Investigation into the atmospheric degradation of alpha-phellandrene: A computational, experimental and modelling study.

Felix Alexander Mackenzie-Rae

Research output: ThesisDoctoral Thesis

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Abstract

Monoterpenes (C10H16) account for a significant fraction of nonmethane hydrocarbons emitted into the atmosphere, playing an important role in tropospheric chemistry with impacts on both climate and human health. In this thesis the tropospheric decomposition of one of the most reactive monoterpenes, a-phellandrene, which is primarily emitted by eucalypts, is examined in detail for the first time. Characterisation is achieved through the use of high-level computational chemistry, 24 smog chamber experiments (ozonalysis, NO2, photooxidation), and explicit chemical mechanism construction and evaluation against the experimental dataset. The multifaceted approach thus provides the first comprehensive description of the tropospheric degradation of a-phellendrene.
Original languageEnglish
QualificationDoctor of Philosophy
Awarding Institution
  • The University of Western Australia
Supervisors/Advisors
  • Saunders, Sandra Maria, Supervisor
  • McKinley, Allan, Supervisor
  • Wang, Xinming, Supervisor, External person
Thesis sponsors
Award date8 Jan 2018
DOIs
Publication statusUnpublished - 2018

Fingerprint

monoterpene
nonmethane hydrocarbon
degradation
smog
photooxidation
modeling
decomposition
atmosphere
climate
experiment
thesis
chemical
human health
evaluation

Cite this

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title = "Investigation into the atmospheric degradation of alpha-phellandrene: A computational, experimental and modelling study.",
abstract = "Monoterpenes (C10H16) account for a significant fraction of nonmethane hydrocarbons emitted into the atmosphere, playing an important role in tropospheric chemistry with impacts on both climate and human health. In this thesis the tropospheric decomposition of one of the most reactive monoterpenes, a-phellandrene, which is primarily emitted by eucalypts, is examined in detail for the first time. Characterisation is achieved through the use of high-level computational chemistry, 24 smog chamber experiments (ozonalysis, NO2, photooxidation), and explicit chemical mechanism construction and evaluation against the experimental dataset. The multifaceted approach thus provides the first comprehensive description of the tropospheric degradation of a-phellendrene.",
keywords = "alpha-phellendrene, volatile organic compound, smog chamber, Atmospheric chemistry, chemical mechanism, SECONDARY ORGANIC AEROSOL",
author = "Mackenzie-Rae, {Felix Alexander}",
year = "2018",
doi = "10.4225/23/5a714fe749d91",
language = "English",
school = "The University of Western Australia",

}

Investigation into the atmospheric degradation of alpha-phellandrene: A computational, experimental and modelling study. / Mackenzie-Rae, Felix Alexander.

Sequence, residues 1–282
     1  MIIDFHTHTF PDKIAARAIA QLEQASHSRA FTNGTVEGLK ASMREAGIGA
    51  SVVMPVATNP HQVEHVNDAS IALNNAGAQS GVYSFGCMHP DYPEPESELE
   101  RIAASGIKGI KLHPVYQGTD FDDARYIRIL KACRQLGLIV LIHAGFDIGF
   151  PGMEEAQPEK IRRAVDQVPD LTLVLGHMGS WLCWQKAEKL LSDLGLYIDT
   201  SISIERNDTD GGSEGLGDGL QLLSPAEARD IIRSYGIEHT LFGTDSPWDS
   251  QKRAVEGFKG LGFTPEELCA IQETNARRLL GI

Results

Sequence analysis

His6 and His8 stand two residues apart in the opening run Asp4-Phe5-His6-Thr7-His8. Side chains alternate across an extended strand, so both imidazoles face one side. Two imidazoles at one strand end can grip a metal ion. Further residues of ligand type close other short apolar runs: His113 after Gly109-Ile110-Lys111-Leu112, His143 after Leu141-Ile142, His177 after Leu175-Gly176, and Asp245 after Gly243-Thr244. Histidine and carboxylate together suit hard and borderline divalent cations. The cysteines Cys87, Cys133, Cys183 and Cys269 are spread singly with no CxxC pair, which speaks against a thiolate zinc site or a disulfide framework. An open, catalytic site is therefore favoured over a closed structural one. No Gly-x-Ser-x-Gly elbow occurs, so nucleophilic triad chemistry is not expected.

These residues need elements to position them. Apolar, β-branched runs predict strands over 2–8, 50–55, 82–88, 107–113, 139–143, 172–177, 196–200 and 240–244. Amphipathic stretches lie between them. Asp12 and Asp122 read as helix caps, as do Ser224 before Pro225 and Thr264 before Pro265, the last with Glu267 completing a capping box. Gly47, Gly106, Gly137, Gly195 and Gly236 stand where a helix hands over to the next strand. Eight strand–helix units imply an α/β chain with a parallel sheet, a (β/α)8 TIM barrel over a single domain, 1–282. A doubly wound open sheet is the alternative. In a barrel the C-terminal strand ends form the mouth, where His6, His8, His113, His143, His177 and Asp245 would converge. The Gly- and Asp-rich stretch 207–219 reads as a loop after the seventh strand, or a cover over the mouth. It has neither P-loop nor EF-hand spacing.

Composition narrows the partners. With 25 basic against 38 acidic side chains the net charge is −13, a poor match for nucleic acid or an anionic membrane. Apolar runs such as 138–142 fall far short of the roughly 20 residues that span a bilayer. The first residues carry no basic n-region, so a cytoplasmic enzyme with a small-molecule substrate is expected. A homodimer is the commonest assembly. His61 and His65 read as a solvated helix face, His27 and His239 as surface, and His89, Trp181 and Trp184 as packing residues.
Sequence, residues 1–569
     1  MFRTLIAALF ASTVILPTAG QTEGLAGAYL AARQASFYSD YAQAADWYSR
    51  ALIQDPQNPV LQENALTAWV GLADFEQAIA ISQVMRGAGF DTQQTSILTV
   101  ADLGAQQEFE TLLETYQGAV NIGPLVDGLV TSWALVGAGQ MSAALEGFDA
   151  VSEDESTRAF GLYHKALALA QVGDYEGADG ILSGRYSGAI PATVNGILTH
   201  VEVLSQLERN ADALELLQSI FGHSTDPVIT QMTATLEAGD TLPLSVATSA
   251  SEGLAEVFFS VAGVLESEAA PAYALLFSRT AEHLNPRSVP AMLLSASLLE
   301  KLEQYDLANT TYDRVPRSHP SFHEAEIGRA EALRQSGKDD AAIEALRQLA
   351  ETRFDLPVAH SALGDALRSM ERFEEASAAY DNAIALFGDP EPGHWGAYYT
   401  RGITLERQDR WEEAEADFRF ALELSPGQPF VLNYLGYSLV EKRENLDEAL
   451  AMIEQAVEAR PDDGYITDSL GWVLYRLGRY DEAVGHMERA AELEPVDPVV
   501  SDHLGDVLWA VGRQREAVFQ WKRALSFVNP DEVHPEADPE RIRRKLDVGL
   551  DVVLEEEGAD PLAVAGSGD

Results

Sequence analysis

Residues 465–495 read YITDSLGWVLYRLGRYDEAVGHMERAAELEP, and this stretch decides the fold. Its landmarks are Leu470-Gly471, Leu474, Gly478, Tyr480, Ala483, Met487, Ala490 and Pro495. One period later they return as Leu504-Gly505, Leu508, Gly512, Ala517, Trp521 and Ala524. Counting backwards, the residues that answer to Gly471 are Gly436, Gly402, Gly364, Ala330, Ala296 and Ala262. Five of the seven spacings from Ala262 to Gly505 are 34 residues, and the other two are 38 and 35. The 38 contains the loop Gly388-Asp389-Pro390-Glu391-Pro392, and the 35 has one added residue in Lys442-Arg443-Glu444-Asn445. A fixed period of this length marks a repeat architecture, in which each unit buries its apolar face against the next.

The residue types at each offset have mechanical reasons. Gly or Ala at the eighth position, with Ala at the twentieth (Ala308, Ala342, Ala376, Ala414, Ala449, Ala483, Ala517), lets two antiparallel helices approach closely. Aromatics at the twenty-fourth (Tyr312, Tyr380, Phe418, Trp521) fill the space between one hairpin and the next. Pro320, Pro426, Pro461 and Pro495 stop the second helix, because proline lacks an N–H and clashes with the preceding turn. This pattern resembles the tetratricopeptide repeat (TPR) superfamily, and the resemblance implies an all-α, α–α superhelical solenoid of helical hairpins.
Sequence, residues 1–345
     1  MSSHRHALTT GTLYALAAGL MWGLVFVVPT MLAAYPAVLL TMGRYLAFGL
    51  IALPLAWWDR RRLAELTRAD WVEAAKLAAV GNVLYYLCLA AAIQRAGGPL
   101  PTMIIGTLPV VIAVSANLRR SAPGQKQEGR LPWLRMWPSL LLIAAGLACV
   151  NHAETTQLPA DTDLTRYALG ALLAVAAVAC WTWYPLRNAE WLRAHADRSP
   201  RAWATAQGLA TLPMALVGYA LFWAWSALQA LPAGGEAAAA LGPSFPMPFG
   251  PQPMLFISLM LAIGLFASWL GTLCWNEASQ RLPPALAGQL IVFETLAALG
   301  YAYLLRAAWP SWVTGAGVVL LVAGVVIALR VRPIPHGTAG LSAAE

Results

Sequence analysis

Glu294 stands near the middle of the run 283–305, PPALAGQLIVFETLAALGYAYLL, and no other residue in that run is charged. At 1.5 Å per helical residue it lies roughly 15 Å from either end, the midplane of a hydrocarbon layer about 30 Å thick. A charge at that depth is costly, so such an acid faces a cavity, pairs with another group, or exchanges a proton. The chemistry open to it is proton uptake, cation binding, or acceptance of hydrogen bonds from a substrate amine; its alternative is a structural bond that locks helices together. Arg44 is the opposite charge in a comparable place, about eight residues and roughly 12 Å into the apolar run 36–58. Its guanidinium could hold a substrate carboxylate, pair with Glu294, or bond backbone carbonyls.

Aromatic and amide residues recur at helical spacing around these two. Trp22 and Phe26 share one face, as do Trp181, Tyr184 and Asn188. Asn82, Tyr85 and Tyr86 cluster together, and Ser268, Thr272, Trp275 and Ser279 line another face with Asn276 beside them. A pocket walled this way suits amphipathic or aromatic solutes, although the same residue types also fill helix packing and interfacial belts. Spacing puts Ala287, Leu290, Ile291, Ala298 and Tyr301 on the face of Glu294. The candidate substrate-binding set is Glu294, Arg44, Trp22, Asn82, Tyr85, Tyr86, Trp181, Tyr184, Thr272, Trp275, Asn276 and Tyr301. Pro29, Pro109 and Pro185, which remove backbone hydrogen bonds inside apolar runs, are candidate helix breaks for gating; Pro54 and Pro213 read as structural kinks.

2018.

Research output: ThesisDoctoral Thesis

TY - THES

T1 - Investigation into the atmospheric degradation of alpha-phellandrene: A computational, experimental and modelling study.

AU - Mackenzie-Rae, Felix Alexander

PY - 2018

Y1 - 2018

N2 - Monoterpenes (C10H16) account for a significant fraction of nonmethane hydrocarbons emitted into the atmosphere, playing an important role in tropospheric chemistry with impacts on both climate and human health. In this thesis the tropospheric decomposition of one of the most reactive monoterpenes, a-phellandrene, which is primarily emitted by eucalypts, is examined in detail for the first time. Characterisation is achieved through the use of high-level computational chemistry, 24 smog chamber experiments (ozonalysis, NO2, photooxidation), and explicit chemical mechanism construction and evaluation against the experimental dataset. The multifaceted approach thus provides the first comprehensive description of the tropospheric degradation of a-phellendrene.

AB - Monoterpenes (C10H16) account for a significant fraction of nonmethane hydrocarbons emitted into the atmosphere, playing an important role in tropospheric chemistry with impacts on both climate and human health. In this thesis the tropospheric decomposition of one of the most reactive monoterpenes, a-phellandrene, which is primarily emitted by eucalypts, is examined in detail for the first time. Characterisation is achieved through the use of high-level computational chemistry, 24 smog chamber experiments (ozonalysis, NO2, photooxidation), and explicit chemical mechanism construction and evaluation against the experimental dataset. The multifaceted approach thus provides the first comprehensive description of the tropospheric degradation of a-phellendrene.

KW - alpha-phellendrene

KW - volatile organic compound

KW - smog chamber

KW - Atmospheric chemistry

KW - chemical mechanism

KW - SECONDARY ORGANIC AEROSOL

U2 - 10.4225/23/5a714fe749d91

DO - 10.4225/23/5a714fe749d91

M3 - Doctoral Thesis

ER -